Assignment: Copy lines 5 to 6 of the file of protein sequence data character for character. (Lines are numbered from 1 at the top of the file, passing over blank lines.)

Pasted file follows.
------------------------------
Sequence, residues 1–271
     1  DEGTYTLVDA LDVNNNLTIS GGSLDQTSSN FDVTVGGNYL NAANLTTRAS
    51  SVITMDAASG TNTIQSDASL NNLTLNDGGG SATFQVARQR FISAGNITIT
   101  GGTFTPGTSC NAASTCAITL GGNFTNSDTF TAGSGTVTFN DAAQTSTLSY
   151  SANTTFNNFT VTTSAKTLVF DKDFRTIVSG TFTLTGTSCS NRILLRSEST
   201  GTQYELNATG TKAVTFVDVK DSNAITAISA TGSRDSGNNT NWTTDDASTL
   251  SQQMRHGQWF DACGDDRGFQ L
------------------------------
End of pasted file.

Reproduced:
   151  SANTTFNNFT VTTSAKTLVF DKDFRTIVSG TFTLTGTSCS NRILLRSEST
   201  GTQYELNATG TKAVTFVDVK DSNAITAISA TGSRDSGNNT NWTTDDASTL